I am going to dilute slowly over time by adding additional water once the level gets below 4 gallons. I will stir it up before drawing it each time.

I think I will dilute further for the seedlings just to be safe and keep them little peppers from harm :).
Zone 4a.

The Helpful Gardener
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Sludge at the bottom of the tank should already be denitrified and nitrated into a plant soluable form (or it would be toxifying your water a lot more).

Ammonia does the burning and you know how little of that it takes to mess up an aquarium. Your composting is done there ofr the most part...

HG
Scott Reil

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Please dump your fish water into your compost!!! :D This is something I FREQUENTLY try to convince people to do because it is SO harmful to dump it down your sewers or anywhere it might be able to run-off into other fish's natural environments.

Domestic fish have tons of diseases (& thus medications) which can really harm wild fish stocks!!!!

Even if you don't have a compost, just dumping it out on your lawn/flower bed (unless your water table is THAT high) is definitely doing the RIGHT thing for your local wildlife :).

I just run mine straight out the window ;).
Vanessa raising organic vegetables, livestock, wildflowers, and family in zone 5A.

jason_mazzy
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aquarim water

u have to know whats in the water. Most aquarium water has alot of dissolved mineral. I keep cichlids, and in this case the ph is very high, and there is quite a bit of natural salts. Also petstores and larger fisheries keep there water extremely high in salt content. That could spell disaster for your plants.

On a side note if you keep just some common fish for yourself and don't treat the water regularly with salts, and run a good carbon filtration system I have no doubt that the detrius (fish/organism waste) is extremely helpul to plants.

katylaide
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Katy, is Da treating infections with salt or doing African cichlids or something that requires higher pH water? It's not salt water aquariums, is it? Confused


My aquarium water tended towards acidity left to it's own devices, but soil's in my neighborhood tend toward acidity...

HG
No, we don't do any cichlids or marine tanks, but I should mention that the water we use is partly purified (if that makes sense) waste water from a reverse osmosis system, which we drink from. The reason it's higher in salts is because the salts get left behind in the filtering process. Come to think of it, my experiences with aquarium water probably don't apply to most people, unless salts are added for the fish.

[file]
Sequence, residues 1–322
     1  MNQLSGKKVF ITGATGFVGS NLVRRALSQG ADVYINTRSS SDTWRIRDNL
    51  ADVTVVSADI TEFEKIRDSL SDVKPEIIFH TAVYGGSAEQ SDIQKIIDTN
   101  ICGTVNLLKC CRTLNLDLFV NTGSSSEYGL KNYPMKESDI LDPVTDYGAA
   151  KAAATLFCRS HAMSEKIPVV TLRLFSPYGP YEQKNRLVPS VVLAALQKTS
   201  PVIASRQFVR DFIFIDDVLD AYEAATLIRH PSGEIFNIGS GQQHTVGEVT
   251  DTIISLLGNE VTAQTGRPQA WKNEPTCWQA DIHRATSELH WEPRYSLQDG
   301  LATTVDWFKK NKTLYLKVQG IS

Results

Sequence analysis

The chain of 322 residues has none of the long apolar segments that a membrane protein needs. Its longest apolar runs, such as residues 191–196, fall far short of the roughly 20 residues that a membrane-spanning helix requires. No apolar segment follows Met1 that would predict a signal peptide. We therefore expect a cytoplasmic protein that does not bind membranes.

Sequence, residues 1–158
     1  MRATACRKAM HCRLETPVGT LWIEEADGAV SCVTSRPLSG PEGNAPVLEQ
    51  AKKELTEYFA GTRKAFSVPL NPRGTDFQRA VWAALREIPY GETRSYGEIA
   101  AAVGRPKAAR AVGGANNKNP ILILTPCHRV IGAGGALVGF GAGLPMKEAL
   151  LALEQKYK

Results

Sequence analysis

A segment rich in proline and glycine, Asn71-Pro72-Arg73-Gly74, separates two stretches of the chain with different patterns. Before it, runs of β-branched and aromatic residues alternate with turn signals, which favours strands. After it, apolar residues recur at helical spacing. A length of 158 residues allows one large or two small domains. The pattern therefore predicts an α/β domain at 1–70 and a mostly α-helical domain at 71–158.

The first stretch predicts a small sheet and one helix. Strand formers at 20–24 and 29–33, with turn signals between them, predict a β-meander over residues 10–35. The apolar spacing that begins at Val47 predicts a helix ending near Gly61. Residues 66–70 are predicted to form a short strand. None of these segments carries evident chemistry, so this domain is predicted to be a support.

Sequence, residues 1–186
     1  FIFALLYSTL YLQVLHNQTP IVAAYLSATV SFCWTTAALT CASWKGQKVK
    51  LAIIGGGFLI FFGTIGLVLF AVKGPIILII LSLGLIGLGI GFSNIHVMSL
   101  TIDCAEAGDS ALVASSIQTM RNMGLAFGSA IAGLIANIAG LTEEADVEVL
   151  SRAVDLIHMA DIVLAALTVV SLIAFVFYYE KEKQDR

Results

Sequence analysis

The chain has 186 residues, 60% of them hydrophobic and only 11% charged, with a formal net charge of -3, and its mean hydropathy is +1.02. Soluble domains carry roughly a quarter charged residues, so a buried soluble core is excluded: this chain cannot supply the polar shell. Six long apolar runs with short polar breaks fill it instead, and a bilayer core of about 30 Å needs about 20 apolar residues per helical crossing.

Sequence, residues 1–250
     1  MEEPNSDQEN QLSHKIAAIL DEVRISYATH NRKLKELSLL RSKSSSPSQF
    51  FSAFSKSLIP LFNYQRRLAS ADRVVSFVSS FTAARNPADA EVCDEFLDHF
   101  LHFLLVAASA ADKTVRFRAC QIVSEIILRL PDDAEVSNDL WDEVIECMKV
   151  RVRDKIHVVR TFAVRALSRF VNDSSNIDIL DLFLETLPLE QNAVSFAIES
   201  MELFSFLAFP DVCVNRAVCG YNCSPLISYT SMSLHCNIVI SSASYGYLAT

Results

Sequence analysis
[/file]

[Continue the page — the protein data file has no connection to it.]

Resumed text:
Our soil is acidic but the aquarium water tends towards alkalinity.

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Ozark Lady
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Did you know that salt water, as in.. ocean water or marine aquariums, used to water tomatoes, will bring out the sweetness?

I couldn't believe it when I kept hearing how wonderful salt water was for the tomatoes... You might well find info on this subject if you google it.

But, I kept thinking, what about the soil? So, if you do have excess marine water... use it on potted tomato plants...

I pretend that used aquarium water is manure tea... and remember... too much of a good thing is still too much.

I have not tried a marine aquarium as of yet.
Talk to your plants.... If your plants talk to you... Run!

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Marine salts as garden addition has been getting a lot of looks lately, as it does bring back trace elements that may have leached or been used, in a natural fashion.

While salt build-up is a HUGE issue in chemically treated or fertilized soils (chemical fertilizers are themselves salts), it is sort of a non-issue in a good organic soil with adequate moisture retention. Small additions of sea salt can be beneficial. Watering daily with salt water IS NOT recommended, but an occasional use (or diluted watering) is probably great...

HG
Scott Reil